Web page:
A Theoretical Mechanism of Action for EDTA Chelation Therapy Using Anti-Chlamydia Activity
- Elmer M. Cranton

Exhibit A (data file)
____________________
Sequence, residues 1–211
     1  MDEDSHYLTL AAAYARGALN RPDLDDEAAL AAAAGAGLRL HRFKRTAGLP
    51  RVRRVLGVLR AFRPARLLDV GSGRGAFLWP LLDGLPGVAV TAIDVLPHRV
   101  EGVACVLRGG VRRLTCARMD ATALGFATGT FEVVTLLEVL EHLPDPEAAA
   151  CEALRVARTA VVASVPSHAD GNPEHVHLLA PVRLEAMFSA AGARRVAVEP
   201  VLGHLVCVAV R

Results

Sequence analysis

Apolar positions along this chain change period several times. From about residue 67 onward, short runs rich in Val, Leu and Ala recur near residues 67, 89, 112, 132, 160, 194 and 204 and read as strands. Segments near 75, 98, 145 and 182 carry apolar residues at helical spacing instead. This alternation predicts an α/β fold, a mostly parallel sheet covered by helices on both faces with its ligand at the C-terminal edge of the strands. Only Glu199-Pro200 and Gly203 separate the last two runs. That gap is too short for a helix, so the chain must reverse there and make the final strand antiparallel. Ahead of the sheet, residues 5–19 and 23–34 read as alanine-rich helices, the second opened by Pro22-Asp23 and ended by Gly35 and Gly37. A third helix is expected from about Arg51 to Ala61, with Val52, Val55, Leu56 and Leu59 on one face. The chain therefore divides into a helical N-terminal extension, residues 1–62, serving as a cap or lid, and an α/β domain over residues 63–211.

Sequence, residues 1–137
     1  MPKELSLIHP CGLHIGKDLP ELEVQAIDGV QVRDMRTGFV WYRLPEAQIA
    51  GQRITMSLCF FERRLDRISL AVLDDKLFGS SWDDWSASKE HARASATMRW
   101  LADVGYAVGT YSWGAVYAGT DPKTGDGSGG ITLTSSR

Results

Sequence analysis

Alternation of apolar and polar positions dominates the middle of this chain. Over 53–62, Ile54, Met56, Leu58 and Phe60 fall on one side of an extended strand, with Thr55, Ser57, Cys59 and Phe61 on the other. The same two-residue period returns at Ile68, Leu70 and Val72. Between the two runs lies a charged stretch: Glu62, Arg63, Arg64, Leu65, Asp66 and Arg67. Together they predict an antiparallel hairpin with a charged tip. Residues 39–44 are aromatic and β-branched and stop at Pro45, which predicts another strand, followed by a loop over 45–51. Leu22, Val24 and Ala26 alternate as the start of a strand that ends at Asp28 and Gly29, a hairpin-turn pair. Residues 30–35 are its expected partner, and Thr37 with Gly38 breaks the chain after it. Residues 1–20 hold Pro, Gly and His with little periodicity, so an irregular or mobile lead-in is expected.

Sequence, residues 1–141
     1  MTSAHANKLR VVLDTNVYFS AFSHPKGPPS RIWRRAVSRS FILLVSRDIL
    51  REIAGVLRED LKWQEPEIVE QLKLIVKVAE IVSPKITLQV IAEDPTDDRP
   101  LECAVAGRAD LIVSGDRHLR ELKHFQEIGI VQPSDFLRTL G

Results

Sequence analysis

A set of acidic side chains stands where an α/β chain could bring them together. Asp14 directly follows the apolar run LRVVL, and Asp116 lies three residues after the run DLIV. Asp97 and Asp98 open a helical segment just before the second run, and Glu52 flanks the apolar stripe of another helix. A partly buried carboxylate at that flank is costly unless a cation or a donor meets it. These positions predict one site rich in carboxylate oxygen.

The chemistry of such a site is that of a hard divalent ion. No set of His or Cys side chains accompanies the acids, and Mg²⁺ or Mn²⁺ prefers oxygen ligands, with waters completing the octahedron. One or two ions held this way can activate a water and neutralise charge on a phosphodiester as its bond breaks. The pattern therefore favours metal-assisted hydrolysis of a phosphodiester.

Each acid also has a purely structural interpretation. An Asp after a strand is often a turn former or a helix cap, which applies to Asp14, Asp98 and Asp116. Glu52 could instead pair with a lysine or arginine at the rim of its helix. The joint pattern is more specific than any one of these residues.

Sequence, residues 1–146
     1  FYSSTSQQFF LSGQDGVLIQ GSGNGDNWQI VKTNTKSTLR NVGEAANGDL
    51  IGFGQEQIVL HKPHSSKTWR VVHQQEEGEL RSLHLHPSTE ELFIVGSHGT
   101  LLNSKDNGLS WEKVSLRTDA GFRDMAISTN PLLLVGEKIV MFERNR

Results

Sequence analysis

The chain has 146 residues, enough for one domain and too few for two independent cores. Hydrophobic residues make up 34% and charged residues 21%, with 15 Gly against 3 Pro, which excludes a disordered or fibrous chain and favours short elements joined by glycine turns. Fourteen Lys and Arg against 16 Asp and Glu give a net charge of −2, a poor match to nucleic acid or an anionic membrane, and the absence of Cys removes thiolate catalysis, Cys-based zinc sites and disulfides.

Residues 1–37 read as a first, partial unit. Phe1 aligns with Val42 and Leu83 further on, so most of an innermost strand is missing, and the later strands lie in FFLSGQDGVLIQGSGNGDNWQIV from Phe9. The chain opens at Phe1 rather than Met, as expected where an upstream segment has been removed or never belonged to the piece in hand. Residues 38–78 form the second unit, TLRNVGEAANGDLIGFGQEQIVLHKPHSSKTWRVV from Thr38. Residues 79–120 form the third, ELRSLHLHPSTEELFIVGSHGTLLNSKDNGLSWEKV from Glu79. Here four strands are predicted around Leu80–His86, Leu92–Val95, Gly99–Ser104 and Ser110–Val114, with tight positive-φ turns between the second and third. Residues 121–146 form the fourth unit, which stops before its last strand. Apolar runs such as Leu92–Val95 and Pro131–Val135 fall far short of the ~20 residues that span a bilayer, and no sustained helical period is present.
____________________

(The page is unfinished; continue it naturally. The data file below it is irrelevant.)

More than a century ago, inflammation and infection were considered to have atherogenic effects. The old idea that coronary heart disease (CHD) possibly has an infectious etiology has only reemerged in recent years. Atherosclerosis is the main pathological process involved in CHD and is, logically, the first place to look for infectious etiology. The process of atherosclerosis itself provides the first hints of potential infectious cause. Smooth muscle proliferation, with subsequent intimal thickening, luminal narrowing, and endothelial degeneration, constitutes the natural history of atherosclerosis, being with the severity and speed of these changes. Both viral and bacterial pathogens have been proposed to be associated with the inflammatory changes found in atherosclerosis. Recently, Chlamydophila pneumoniae (C. pneumoniae) has been implicated as a possible etiologic agent of coronary artery disease and atherosclerosis. New evidence which supports a role for C. pneumoniae in the pathogenesis of atherosclerosis has emerged. C. pneumoniae has been detected in atherosclerotic arteries by several techniques, and the organism has been isolated from both coronary and carotid atheromas. Recent animal models have suggested that C. pneumoniae is capable of inducing atherosclerosis in both rabbit and mouse models of atherosclerosis. Furthermore, human clinical treatment studies which examined the use of antichlamydial macrolide antibiotics in patients with coronary atherosclerosis have been carried out. The causal relationship has not yet been proven, but ongoing large intervention trials and research on pathogenetic mechanisms may lead to the use of antimicrobial agents in the treatment of CHD in the future.